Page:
BS patients should therefore be educated about the possible risks of alcohol use which can lead rapidly to the development of alcoholic cirrhosis, and surgeons should be reluctant to perform BS in patients with a history of AUD.


The major impact of NASH on the risk of cirrhosis and hepatocellular carcinoma highlights the urgent need for effective therapies to reverse the disease. Weight loss is the cornerstone in the treatment of NAFLD but difficult to reach and to keep long-term the target goals with only conservative lifestyle changes.
Obese patients with NASH fibrosis could benefit from BS. There is evidence that BS is safe, improves steatosis, inflammation and fibrosis score and reduces the risk for mortality from cardiovascular disease and NAFLD-associated HCC. Patients with cirrhosis need to be carefully selected by a multidisciplinary team of specialists to assess of the risk and the choice of type of surgery (Table 1).
Severe malnutrition related to excessive rapid weight loss after BS and de novo alcohol misuse are the most important contributors for the deterioration of liver function after BS. Prevention and early recognition of alcohol misuse pre- and post-surgery is a major unmet need.


We cordially thank all members of our lab and collaborating scientists for all helpful discussions. AG is a senior clinical researcher of the Research Foundation Flanders (1805718N). SL is supported by a grant from the Research Foundation Flanders (12R0321N).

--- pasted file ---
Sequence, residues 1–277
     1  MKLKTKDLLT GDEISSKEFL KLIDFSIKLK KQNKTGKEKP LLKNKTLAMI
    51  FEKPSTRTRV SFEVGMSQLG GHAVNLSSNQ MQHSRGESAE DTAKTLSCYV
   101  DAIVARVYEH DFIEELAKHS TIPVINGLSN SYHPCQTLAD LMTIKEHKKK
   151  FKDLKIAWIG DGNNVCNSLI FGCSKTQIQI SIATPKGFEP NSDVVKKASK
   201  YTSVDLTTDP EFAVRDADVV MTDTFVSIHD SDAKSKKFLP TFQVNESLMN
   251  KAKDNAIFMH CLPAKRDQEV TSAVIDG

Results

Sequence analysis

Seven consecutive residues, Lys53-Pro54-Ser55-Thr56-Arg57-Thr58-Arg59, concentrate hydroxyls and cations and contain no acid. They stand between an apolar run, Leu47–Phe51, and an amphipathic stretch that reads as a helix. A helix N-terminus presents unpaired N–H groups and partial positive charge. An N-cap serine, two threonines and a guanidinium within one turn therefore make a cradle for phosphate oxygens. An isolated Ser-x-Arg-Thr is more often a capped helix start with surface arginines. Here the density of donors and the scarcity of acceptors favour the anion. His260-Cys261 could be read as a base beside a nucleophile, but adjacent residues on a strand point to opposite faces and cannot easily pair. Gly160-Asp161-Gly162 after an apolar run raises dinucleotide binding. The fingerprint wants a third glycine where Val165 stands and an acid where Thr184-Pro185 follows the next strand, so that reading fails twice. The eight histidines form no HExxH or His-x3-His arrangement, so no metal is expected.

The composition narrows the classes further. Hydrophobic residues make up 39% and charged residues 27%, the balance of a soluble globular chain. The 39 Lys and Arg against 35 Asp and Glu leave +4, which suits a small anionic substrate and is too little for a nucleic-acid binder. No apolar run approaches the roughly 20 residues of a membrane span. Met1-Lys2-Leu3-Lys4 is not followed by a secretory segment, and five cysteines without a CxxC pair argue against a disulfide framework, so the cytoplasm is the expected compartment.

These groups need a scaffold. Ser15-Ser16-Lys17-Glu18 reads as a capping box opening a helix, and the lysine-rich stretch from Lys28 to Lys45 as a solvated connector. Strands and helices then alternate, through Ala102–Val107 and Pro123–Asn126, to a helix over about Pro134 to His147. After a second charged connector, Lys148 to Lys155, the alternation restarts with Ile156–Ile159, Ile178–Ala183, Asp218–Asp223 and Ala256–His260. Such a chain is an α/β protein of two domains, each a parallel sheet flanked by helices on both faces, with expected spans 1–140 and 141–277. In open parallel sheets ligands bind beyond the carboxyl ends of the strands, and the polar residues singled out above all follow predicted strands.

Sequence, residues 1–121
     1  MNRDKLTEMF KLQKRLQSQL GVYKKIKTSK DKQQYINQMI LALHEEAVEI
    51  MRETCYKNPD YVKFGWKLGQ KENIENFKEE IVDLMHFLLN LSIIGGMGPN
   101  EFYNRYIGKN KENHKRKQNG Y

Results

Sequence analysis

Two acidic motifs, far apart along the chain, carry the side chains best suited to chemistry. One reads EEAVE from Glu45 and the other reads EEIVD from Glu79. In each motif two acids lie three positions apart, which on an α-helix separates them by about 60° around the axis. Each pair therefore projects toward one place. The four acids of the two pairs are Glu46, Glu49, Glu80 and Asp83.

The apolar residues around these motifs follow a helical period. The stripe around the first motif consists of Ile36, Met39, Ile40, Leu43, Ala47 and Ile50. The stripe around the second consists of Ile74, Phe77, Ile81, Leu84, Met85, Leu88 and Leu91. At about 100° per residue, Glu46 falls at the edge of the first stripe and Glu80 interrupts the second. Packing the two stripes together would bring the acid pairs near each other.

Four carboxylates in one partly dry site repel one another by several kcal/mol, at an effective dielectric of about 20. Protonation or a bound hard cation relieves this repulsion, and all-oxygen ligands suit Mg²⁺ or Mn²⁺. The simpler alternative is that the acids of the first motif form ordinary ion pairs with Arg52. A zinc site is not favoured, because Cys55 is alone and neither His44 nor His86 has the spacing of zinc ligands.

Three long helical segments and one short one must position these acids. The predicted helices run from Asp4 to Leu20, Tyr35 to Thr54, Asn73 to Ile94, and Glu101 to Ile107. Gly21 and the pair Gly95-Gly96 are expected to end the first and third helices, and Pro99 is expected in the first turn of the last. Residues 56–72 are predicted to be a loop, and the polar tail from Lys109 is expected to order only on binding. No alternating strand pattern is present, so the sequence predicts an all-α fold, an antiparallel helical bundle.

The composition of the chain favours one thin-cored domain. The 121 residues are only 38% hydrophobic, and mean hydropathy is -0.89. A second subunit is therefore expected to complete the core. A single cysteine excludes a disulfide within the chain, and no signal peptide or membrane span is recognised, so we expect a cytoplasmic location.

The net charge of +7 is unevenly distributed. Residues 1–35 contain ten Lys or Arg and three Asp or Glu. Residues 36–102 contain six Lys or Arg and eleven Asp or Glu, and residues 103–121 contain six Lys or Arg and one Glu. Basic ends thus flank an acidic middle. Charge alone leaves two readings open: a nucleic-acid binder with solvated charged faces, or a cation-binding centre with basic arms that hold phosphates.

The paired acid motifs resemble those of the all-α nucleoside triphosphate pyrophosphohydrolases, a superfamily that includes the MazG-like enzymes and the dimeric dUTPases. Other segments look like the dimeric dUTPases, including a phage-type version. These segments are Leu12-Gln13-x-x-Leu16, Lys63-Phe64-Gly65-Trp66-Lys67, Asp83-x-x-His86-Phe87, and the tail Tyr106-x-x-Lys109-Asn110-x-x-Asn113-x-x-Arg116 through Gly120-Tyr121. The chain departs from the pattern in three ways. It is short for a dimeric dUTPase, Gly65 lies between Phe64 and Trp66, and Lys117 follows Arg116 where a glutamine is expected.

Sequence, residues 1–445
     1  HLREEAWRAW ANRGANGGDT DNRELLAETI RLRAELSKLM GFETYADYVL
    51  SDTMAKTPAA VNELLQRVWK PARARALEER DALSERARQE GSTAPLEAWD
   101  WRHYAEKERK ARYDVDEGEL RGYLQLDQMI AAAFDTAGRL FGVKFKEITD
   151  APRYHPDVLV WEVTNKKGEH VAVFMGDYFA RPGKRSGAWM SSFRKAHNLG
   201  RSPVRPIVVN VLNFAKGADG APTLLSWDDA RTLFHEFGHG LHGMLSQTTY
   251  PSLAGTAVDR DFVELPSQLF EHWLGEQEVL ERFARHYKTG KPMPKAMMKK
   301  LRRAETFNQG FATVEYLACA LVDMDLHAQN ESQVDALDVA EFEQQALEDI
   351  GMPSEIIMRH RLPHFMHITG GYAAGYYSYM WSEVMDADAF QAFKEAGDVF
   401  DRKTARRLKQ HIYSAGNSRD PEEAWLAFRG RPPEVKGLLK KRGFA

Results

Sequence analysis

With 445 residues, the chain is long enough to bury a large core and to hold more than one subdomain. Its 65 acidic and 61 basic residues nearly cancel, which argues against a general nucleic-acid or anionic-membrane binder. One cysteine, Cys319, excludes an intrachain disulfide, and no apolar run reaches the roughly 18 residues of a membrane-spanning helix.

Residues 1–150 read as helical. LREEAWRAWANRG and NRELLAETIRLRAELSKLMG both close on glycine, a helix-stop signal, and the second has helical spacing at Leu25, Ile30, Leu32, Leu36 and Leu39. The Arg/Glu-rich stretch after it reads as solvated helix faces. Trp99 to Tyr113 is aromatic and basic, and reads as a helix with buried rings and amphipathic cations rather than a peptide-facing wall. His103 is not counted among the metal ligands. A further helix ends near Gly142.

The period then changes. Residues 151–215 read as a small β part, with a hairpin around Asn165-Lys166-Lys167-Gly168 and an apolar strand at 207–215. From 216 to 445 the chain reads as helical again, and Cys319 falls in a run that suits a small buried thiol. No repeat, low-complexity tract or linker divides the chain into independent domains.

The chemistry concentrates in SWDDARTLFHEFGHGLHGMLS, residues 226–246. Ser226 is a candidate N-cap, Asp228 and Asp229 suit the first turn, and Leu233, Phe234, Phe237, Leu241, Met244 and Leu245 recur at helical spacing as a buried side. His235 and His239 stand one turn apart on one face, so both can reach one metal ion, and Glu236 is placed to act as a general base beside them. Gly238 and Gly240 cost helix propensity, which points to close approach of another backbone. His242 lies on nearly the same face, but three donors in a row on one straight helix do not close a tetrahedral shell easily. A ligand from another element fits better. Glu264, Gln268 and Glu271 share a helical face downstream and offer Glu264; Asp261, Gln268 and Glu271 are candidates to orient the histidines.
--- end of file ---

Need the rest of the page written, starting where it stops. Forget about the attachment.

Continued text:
Authors’ contribution
Conceptualization and writing: AG, SL.
Conflicts of Interest
The authors have no conflicts to disclose.

Figure 1.
Weight loss interventions for the treatment of NAFLD. (A) Lifestyle intervention for pediatric NAFLD. NAFLD was assessed at baseline and after 6 months in 167 patients. Evidence of liver fibrosis was present in 56 patients. After treatment, fibrosis improved in 75% of patients. Figure adapted from the article of Lefere et al. (Clin Gastroenterol Hepatol 2022;20:2317-2326.e4). [10] (B) Bariatric surgery for NAFLD. In a metaanalysis of studies comparing liver biopsy before and after bariatric surgery, complete resolution of fibrosis was observed in 40% of patients. [28] NAFLD, nonalcoholic fatty liver disease; BMI, body mass index; CAP, controlled attenuation parameter.

Figure 2.
Mechanisms of resolution of non-alcoholic fatty liver disease (NAFLD) after bariatric surgery. Factors including regulation of food intake and food preferences, gut hormone secretion, bile acid signaling and visceral adiposity and adipose tissue inflammation. The potential for reversal of cirrhosis is still debated. GLP-1, glucagon-like peptide; PYY, peptide YY; NAFL, nonalcoholic fatty liver; NASH, nonalcoholic steatohepatitis.